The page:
News Local/State

U Of I Trustees Chair Kennedy, Human Resources, On Helping Employees ‘Un-Retire’


Officials at the University of Illinois say they are willing to work to retain faculty who opted to retire early as a result of mistakes in the state's pension overhaul.

It was a small typo, but it turned out to have big consequences for the state's public universities and community colleges. 

The pension overhaul law that passed late last year said that university employees would lose pension benefits if they didn't retire before July 1, 2013.

It also changed the way benefits were calculated. Both provisions caused a rush of people looking to retire, and not enough retirement counselors to help them navigate those waters.

That's no longer an issue; a judge Wednesday put a halt on the pension law entirely. 

But it may be too late for employees who already submitted their retirement paperwork. 

University of Illinois Board Chairman Chris Kennedy said the school will do everything it can if people have changed their minds and now want to "un-retire."

"We'll be super flexible with current employees and former employees to try to make their life easy," he said.  "We're not rule-oriented, we're not going to try to stop people because of a lack of clarity in state law."

The University of Illinois’ Human Resources Department says it’s working with employees who want to rescind their retirement plans.

U of I Associate Vice President for HR, Maureen Parks, said anyone who’s changed their mind about retiring should contact their immediate supervisor, who in turn should contact HR.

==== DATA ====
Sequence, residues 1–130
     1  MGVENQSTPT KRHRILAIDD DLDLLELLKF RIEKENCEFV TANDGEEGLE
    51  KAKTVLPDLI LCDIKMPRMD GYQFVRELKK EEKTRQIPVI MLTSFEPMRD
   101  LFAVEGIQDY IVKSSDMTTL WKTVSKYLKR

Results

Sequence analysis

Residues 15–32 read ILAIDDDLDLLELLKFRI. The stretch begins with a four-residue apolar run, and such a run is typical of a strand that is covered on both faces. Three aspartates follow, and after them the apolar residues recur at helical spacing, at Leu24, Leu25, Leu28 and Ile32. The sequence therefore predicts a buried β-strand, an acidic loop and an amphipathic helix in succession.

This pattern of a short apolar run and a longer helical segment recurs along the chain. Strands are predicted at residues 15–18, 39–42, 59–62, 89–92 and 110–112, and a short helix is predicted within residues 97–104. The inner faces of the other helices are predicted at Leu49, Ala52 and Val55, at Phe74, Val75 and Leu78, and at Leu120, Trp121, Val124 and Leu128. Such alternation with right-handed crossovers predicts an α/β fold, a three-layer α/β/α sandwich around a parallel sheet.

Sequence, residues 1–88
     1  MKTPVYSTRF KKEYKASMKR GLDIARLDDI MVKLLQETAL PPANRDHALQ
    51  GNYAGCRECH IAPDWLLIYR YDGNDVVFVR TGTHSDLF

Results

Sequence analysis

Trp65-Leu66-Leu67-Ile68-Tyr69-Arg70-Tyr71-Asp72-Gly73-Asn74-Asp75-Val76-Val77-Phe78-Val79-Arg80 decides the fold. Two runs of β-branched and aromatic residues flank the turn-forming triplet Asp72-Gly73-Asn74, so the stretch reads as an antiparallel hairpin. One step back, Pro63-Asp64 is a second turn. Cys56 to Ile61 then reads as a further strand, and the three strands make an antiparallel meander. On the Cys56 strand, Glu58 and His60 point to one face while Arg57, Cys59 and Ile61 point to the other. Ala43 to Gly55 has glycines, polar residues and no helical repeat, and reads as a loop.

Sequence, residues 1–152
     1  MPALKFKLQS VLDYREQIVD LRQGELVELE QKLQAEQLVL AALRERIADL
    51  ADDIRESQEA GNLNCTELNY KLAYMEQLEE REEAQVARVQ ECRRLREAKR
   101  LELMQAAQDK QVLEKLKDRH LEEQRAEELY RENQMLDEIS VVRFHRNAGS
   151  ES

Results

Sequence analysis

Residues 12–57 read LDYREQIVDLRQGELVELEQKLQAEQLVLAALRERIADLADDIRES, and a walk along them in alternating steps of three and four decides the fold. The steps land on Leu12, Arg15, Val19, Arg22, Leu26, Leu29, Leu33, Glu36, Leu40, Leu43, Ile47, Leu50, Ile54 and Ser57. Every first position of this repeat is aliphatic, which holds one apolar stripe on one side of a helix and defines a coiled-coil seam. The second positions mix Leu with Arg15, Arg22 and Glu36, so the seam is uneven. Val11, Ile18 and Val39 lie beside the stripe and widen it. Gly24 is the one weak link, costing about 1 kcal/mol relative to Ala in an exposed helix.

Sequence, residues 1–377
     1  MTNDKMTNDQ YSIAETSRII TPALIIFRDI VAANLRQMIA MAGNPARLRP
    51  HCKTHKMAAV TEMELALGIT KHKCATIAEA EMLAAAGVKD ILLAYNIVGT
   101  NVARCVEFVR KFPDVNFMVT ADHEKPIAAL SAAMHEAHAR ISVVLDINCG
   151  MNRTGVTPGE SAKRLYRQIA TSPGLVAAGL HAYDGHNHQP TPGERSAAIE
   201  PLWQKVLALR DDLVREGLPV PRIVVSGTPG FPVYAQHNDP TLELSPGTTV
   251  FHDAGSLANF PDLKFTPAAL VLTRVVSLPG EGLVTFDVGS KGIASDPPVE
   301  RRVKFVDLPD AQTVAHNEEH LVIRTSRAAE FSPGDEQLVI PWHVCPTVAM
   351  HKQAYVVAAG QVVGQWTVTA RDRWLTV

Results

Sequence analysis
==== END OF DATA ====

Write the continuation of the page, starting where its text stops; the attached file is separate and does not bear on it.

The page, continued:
Parks says 552 employees on the U of I’s three campuses had filed paperwork to retire by the end of June.  She calls that 'much higher than normal', noting that total came from two months, whereas 564 opted to retire during all of 2013.

She said her department is doing it all it can to accommodate those who want to abandon those plans.

“We know that our employees have made decisions, sometimes quickly, sometimes without all the information, sometimes before they were ready to retire," she said.  "So we will be as flexible as we can in helping those individuals – and the units and departments – make decisions on whether that person can rescind their resignation.”

Parks said her staff is waiting to hear back from the State Universities Retirement System, to see if they plan to inform universities and community colleges, or to contact those who had planned to retire.

SURS spokeswoman Beth Spencer says they’re still reviewing the judge’s ruling, but will be communicating to its members. 

In a mass e-mail Thursday, U of I President Robert Easter said the university will consider rehiring those who tendered their resignations on fears of benefit cuts if they stayed on the job past June 30. 

He said the judge's ruling “preserves the current pension system as we know it.''